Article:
Fulfillment Center

If you are a company that sells goods, you are likely familiar with the basic inventory solutions. Ecommerce businesses in particular are looking for options which suit their business model. Warehousing solutions are one option, but there are yet more efficient opportunities in the marketplace. Fulfillment centers are gaining in popularity with retailers of all sizes, and for good reason.

 

Shipping supply desk in a fulfillment center

What is a Fulfillment Center?

A fulfillment center is a physical location where a third-party logistics (or 3PL) provider fulfills customer orders. It provides storage, packing, and shipping services combined, ensuring that customers get their products on time. They free up lots of time and bandwidth for your organization, allowing you to focus on your business strategy. Whether that is a focus on marketing, sourcing new wares, or optimizing your company for efficiency is your choice. A fulfillment center is especially useful for companies that:

  • Need space for more products. If your online store lacks the physical space for more inventory, a fulfillment service can be a smart solution and cheaper than a brick-and-mortar store or warehouse.
  • Want to expand into new markets. If you are expanding your reach in an effort to increase your sales, a fulfillment center in a new country can act as a basecamp. The fulfillment center will handle the shipping and regulations, while you focus on promoting your brand in the new market.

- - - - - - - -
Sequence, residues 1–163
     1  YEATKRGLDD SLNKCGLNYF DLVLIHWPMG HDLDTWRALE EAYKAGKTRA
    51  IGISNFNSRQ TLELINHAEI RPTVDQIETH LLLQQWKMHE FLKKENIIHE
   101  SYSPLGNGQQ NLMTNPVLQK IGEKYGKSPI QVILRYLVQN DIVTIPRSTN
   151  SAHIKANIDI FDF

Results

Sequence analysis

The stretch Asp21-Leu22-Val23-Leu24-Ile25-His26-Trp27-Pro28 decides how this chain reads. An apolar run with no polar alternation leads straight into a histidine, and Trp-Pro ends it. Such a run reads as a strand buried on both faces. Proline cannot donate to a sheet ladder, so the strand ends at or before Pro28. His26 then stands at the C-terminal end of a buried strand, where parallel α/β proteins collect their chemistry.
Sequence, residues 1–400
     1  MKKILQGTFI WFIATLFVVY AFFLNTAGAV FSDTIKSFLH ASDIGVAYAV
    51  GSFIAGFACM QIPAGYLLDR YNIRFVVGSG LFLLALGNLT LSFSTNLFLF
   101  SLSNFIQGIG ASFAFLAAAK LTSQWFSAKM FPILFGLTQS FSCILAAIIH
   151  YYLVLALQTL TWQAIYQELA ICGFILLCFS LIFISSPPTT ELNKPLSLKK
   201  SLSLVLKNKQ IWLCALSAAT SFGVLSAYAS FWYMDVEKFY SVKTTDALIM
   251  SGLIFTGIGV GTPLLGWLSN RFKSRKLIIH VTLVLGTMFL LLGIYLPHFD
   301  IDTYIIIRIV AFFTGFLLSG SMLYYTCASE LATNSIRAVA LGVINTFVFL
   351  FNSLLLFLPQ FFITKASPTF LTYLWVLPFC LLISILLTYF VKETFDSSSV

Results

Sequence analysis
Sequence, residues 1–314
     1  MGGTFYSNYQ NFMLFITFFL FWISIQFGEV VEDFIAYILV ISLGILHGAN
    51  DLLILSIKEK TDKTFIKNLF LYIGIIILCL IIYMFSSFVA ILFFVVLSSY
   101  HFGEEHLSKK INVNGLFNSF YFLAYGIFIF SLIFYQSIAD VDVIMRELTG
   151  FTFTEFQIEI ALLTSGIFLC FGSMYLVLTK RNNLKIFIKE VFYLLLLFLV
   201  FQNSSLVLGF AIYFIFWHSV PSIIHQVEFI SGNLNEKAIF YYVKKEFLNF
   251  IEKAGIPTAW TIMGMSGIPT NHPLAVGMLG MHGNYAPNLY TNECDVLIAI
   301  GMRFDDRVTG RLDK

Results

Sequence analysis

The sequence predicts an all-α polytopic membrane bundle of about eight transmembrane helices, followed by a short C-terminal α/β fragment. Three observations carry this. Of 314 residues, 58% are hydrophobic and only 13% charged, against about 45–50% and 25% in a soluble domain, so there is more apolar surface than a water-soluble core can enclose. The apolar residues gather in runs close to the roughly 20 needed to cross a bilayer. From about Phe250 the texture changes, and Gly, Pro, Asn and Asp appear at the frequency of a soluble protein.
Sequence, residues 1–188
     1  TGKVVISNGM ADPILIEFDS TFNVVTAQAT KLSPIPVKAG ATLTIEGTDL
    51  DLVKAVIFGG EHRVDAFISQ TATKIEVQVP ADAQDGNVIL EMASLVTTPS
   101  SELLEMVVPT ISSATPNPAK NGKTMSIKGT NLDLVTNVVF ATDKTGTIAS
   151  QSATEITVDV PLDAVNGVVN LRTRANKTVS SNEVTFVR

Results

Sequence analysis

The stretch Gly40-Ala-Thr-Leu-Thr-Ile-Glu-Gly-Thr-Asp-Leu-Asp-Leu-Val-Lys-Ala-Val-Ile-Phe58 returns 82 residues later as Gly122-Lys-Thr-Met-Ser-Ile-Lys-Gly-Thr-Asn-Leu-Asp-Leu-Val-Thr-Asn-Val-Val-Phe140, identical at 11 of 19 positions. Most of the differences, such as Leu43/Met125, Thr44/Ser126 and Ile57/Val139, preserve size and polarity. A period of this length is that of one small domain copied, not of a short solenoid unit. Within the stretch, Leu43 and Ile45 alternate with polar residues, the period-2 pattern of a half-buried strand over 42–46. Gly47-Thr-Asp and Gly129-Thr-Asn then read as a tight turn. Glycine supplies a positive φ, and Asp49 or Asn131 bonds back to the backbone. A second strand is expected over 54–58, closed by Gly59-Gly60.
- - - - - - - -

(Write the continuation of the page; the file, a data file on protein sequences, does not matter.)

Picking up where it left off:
• Want to focus on core competencies. Shipping and packing are difficult for a small company to efficiently manage. Balancing your obligations with your ongoing work to expand your company’s scope can be an exhausting juggling act. The majority of product-based business owners prefer sourcing products, creating new ones, strategizing or pitching to shipping. A fulfillment center can handle the practicalities while you look at the big picture.
  • Need to reduce costs. A fulfillment center costs significantly less than renting and staffing a warehouse. You have greater flexibility and don’t need to worry about managing a larger workforce.

Fulfillment Center vs. Warehouse

Fulfillment Center

What are the differences between fulfillment centers and warehouses? The two terms are often used interchangeably, but there are significant differences. While they both hold inventory for businesses which sell products, there are many more differences than similarities.